Part III-Be A Nerd

This is the third of a five-part series for newbies to WordPress.  Be sure to join me each Monday for the next three weeks to learn how to set up a WordPress site.

*See Definition of Technical Terms

So now that you have chosen a domain name and host provider, and have selected a theme, it’s time to become a nerd and get that website or blog started! I don’t know about you, but for the most part I am a firm believer in reading instructions, particularly when stepping into unknown territory. That definitely being the case with WordPress, my best recommendation is to thoroughly read the WordPress.org site’s “Getting Started with WordPress” section for Beginners. Bookmark this site, create a new tab in your browser, and login to the “administration area” of your newly created WordPress site. You do this by adding “wp-admin” after your domain name (e.g. http://example.com/wp-admin). You can also place “login” after your domain name in more current versions of WordPress. Now you will be able to go back and forth between the two sites as you are learning. Be sure to also bookmark your WordPress login page for future use.

Once logged in, you will see your *dashboard; this is the place where all the creating happens! As the WordPress.org site says, this is where you will be spending a lot of time over the next few hours, weeks, months – so take the time to go through the sections and set your site up the way you want it. Take a sheet of plain paper and make notes of other websites that you admire when setting up the structure for your own site. What do you like about them? Not like? Do you like the look of the backgrounds used, how the footer sections look, how photography is presented, the types of information provided in the sidebar? How are links used for *social media on other sites? Think about the different names/types of pages you might like to have. Time invested now will mean fewer changes to your new site later.

*Dashboard ~ a collection of information and data about the activities and actions on your WordPress site.
*Social Media ~ refers to the means of interactions among people in which they create, share, and exchange information and ideas in virtual communities and networks. Examples are Facebook, Twitter, Pinterest.

While in your dashboard you will be able to quickly toggle back and forth to see the changes you are making to your site by clicking on your website name in the top left corner, directly above “dashboard”. Your main navigation menu runs along the left side of the dashboard, and will allow you to create posts, insert media (photos, videos), apply links for your social media, and set up your pages. Your chosen theme will also have an entire set of choices for you, allowing you to further customize your site. You will be working in “settings” a great deal as you begin. As you work through the WordPress.org instructions, be sure to open up suggested links as they appear to focus on setting up specific areas of your site.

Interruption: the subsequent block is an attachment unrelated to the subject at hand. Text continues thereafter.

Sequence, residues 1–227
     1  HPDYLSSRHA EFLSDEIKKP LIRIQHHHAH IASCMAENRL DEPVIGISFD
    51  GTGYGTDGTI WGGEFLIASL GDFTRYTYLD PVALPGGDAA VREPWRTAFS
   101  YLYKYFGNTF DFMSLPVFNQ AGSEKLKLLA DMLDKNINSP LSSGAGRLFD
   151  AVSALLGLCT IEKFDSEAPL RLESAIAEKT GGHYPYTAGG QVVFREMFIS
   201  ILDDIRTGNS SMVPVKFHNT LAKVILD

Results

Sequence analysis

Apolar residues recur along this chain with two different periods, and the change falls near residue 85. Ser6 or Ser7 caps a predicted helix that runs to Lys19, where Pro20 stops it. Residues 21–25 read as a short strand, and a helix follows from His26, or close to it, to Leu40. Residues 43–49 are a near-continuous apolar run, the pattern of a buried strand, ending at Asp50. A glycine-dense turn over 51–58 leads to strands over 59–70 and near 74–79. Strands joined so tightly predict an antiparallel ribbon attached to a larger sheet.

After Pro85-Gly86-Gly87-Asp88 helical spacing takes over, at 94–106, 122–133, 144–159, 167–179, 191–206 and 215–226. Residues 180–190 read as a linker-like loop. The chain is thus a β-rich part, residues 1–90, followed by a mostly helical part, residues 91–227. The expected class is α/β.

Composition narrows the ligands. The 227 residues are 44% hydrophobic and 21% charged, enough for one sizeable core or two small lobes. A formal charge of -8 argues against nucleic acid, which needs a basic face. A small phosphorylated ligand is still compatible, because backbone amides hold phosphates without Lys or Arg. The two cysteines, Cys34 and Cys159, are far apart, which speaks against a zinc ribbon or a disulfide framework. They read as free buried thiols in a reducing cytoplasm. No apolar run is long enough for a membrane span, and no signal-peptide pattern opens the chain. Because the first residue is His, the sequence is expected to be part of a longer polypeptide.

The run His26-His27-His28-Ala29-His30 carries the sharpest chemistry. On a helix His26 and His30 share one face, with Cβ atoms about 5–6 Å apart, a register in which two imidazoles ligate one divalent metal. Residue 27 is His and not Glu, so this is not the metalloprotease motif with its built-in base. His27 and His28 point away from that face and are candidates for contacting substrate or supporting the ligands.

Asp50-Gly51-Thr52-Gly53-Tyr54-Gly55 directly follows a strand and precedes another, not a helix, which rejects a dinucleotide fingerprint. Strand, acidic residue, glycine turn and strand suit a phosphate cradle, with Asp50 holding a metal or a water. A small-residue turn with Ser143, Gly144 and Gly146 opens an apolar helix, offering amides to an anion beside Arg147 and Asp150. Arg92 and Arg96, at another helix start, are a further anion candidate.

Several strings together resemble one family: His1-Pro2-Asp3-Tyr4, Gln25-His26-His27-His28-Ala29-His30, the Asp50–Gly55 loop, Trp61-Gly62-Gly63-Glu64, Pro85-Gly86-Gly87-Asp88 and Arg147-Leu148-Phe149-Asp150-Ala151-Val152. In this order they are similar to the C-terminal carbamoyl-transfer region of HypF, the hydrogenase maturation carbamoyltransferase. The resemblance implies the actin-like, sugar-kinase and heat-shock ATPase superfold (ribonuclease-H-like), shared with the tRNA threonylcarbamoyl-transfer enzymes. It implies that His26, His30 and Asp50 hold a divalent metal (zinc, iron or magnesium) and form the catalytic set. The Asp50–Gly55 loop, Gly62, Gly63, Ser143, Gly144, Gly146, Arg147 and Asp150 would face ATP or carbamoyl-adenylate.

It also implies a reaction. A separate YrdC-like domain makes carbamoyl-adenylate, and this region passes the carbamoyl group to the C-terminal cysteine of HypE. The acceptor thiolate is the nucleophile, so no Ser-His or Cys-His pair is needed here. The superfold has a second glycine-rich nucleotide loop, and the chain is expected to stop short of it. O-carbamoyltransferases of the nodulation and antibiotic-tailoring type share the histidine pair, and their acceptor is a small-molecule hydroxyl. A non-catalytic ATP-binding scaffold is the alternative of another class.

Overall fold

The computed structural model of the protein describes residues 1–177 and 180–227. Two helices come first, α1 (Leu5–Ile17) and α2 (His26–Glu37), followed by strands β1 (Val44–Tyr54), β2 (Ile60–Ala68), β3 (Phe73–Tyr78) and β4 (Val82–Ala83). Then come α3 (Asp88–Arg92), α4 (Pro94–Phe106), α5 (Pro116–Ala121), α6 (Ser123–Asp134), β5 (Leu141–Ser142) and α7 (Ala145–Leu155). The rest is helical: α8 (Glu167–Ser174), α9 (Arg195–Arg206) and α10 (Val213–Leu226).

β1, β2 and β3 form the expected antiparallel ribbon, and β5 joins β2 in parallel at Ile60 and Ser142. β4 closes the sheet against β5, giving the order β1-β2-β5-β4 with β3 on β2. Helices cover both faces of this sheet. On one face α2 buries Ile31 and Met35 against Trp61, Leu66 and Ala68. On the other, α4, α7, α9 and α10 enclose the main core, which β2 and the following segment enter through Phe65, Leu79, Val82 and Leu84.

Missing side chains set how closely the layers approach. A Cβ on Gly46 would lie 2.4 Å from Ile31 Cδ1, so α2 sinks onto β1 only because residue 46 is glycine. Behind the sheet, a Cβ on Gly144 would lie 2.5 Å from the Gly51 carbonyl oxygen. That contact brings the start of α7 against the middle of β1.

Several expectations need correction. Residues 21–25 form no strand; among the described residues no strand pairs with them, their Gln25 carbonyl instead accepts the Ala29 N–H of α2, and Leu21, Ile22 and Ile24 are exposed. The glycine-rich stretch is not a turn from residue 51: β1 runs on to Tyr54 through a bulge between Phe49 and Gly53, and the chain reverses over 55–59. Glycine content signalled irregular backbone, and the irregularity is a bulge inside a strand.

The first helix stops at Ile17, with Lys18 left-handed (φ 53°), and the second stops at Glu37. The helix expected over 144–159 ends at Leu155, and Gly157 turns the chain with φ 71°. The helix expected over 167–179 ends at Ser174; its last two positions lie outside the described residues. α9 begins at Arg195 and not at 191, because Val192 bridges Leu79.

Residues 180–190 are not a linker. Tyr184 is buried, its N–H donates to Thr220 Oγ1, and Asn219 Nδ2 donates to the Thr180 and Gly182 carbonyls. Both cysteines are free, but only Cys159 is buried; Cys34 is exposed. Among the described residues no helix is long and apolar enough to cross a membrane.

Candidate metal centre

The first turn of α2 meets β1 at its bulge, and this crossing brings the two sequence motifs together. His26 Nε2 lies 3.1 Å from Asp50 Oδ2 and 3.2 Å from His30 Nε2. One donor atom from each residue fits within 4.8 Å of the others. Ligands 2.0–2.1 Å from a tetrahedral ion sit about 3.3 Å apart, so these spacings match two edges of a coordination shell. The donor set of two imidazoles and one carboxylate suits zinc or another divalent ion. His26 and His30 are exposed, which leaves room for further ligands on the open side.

One of the first *plug-ins you might want to install is Askimet, which helps protect your site from spam. This plug-in is available free for personal sites, with a low monthly subscription cost for business sites. There will be many types of free plug-ins that can be added once your basic site is set up.

*Plug-Ins ~ Plugins add function and sometimes fun to your site. There are hundreds of different plugins from adding custom links like related articles to your sidebar to adding weather reports.

If you run into issues with the way your pages or posts look, you can often find help in the WordPress forums, or in your chosen theme’s online forum pages. This is where your earlier selection of a theme with great customer support is invaluable. In the past they have helped me with specific code that needed to be placed either into my theme, or added to the page or post I was working on to make it look the way I wanted it to. Be sure, when creating your first post, to click on the “text” box tab next to the “visual” box default tab in the top-right corner of the post. You may not have any desire to learn *hyper-text markup language (html) coding, but it helps to see the language that web pages are written in. And after some time, you will want to know how to go into this “text” box tab on your posts to make specific alterations. Here are several sources that might help with your website terminology along the way:
Glossary of Blogging
Computer Technical Terms
HTML Quick Codes

*Hyper-Text Markup Language (html) ~ the language web pages are written in.

Just remember, this is a constant learning adventure. The solutions are out there if you are persistent, and lots of help is available online or perhaps through your more tech savvy friends. Next week I will discuss the importance of widgets to your site – much more fun than the basic setup – I promise!